Mufti Makaarim A[1][2]


Generally, in the view of society, the process of security sector reform (SSR) in Indonesia is not yet complete. Indeed, there has been some normative progress through the enactment of new legislations in security sector and there has been more ‘space’ for public participation up to a certain level in the parliament and government in policy making process. However, the role of the government and the parliament to implement, monitor and evaluate various legislations and to adopt public aspirations is still somewhat weak. On one hand, traditional security actors (military, police and intelligence) still tend to be resistant and respond negatively towards the pressure for reformation and the demands put forward by a number of civil society organizations (CSOs). Pro-democracy groups and CSOs have not been performing optimally in conducting SSR advocacy. In fact, the intensity of the pressure that they exert tends to decrease in the past few years.[3]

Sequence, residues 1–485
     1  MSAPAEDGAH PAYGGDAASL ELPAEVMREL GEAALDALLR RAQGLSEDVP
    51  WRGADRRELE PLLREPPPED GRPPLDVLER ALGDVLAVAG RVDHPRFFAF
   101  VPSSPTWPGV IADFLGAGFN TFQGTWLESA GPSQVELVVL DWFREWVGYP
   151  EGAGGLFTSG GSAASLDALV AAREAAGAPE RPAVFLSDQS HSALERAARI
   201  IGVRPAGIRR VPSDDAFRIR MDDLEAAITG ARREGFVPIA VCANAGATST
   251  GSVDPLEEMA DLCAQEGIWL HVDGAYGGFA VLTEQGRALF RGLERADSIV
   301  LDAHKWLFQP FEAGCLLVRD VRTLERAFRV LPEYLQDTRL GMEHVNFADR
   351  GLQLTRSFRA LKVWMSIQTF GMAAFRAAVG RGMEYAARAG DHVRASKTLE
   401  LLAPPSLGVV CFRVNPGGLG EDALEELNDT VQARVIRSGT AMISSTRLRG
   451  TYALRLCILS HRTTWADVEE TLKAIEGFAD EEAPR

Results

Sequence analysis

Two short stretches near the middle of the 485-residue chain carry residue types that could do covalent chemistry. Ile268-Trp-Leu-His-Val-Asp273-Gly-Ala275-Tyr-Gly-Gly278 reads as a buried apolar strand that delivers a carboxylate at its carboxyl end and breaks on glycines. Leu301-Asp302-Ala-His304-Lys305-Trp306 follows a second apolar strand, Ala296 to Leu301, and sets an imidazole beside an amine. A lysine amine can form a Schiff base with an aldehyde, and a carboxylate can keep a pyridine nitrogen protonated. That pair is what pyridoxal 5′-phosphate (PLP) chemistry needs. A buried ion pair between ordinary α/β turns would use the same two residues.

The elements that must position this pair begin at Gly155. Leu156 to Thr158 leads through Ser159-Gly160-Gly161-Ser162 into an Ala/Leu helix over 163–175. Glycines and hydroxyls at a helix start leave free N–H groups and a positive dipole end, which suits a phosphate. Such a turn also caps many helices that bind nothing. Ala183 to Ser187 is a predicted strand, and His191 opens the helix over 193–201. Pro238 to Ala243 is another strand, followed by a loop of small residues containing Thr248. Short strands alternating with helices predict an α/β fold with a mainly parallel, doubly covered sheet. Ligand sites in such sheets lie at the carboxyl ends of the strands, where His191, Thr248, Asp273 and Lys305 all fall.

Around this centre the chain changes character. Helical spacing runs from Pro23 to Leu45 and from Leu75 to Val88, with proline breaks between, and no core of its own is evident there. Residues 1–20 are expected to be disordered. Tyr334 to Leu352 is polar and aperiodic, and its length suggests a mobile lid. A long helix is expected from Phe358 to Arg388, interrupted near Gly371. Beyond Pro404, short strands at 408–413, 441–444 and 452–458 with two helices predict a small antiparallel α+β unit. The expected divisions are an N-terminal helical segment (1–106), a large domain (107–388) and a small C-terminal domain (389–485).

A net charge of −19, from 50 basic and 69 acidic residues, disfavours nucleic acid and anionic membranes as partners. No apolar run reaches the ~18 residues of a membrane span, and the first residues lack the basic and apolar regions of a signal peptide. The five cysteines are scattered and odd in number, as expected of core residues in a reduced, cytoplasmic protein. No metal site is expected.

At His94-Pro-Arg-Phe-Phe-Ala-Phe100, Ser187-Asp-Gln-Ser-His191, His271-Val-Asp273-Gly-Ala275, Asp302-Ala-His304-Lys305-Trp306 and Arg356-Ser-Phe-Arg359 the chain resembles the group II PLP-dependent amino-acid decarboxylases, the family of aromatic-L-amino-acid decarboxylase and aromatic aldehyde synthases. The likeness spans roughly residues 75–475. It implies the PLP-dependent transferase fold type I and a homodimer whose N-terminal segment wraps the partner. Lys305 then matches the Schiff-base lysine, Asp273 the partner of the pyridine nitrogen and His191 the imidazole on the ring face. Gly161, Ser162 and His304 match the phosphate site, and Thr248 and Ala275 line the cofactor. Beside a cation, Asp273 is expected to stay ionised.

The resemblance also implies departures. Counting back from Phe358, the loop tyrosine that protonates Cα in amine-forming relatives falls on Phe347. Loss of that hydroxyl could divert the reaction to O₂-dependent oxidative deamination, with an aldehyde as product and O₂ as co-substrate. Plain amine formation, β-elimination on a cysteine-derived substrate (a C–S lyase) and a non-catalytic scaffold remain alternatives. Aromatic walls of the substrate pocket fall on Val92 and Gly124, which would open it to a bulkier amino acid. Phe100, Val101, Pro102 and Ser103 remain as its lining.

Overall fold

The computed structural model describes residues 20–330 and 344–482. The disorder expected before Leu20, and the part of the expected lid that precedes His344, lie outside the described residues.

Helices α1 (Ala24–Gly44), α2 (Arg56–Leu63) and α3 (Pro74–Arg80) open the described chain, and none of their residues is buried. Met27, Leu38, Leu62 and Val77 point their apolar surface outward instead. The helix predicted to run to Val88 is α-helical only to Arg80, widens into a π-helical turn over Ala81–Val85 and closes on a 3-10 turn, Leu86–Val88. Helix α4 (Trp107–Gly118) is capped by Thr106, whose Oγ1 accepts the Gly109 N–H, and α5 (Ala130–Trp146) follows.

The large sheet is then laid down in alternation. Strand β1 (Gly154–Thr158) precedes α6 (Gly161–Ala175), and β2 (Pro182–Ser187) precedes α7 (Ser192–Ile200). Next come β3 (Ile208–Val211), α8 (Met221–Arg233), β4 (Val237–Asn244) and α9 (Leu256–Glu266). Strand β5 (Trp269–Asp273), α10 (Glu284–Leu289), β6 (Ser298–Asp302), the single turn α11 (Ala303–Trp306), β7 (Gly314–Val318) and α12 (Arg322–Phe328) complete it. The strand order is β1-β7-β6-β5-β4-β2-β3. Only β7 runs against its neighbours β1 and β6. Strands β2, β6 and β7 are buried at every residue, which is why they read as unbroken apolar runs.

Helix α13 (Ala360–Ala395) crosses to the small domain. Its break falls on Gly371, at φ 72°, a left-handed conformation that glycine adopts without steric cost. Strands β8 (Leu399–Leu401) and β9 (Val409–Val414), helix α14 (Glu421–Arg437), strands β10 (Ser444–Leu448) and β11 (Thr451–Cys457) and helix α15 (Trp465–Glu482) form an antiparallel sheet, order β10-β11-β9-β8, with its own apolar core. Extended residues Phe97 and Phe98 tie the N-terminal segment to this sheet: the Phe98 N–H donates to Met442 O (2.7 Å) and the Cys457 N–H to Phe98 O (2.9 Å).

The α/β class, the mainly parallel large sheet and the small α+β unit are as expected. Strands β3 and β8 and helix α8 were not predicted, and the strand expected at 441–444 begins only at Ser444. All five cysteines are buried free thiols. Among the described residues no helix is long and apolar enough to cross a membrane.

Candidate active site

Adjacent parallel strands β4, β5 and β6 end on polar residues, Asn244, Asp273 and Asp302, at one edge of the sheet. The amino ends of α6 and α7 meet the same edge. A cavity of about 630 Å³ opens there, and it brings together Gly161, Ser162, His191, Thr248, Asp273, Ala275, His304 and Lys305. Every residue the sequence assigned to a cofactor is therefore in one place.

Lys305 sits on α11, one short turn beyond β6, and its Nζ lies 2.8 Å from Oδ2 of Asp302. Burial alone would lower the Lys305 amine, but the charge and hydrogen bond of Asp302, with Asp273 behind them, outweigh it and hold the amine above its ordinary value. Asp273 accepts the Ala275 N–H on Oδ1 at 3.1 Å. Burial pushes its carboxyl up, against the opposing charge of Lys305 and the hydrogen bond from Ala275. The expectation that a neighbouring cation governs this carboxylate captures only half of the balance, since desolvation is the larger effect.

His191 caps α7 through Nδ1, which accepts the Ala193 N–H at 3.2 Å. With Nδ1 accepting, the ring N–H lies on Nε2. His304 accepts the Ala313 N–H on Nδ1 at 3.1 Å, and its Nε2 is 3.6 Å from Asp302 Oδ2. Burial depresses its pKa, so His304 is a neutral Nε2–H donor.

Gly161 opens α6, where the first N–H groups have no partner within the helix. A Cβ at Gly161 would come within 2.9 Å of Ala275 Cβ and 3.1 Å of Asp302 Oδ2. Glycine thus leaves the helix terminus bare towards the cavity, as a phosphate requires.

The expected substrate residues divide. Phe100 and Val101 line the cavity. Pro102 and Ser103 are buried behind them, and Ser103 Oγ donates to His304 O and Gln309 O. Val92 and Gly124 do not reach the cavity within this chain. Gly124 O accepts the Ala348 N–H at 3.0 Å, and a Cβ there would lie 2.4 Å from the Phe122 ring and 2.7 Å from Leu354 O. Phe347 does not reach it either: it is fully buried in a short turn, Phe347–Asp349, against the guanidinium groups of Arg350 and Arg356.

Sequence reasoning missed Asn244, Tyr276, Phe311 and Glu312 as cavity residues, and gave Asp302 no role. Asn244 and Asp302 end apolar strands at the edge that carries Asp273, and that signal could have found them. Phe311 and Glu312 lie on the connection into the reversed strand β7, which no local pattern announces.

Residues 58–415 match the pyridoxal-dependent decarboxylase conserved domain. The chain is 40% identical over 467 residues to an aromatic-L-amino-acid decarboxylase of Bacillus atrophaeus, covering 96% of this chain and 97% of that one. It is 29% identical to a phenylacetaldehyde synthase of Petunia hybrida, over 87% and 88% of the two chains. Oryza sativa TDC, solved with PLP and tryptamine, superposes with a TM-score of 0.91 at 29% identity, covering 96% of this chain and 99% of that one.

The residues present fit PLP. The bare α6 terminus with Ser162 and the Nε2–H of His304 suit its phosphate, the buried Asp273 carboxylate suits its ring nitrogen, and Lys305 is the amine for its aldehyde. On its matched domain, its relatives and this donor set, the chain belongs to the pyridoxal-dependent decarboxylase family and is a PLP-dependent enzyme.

Similarly, in some aspects government’s performance (executive-legislative-judicial) does not seem to be improving in terms of being in of favour public aspiration. In certain conditions, government’s own political interests still tend to outweigh those of the public. As a consequence, the phenomenon of political status quo and impunity remains a mainstream that erodes the flow of democratic transition, including SSR. On the other hand, civil society is faced with problems of organizational consolidation, limited innovation in advocacy strategies and SSR-related skills and knowledge, state stigmatization and criminalization against their advocacy work, and limited advocacy network among those who work at national, regional or international level.[4]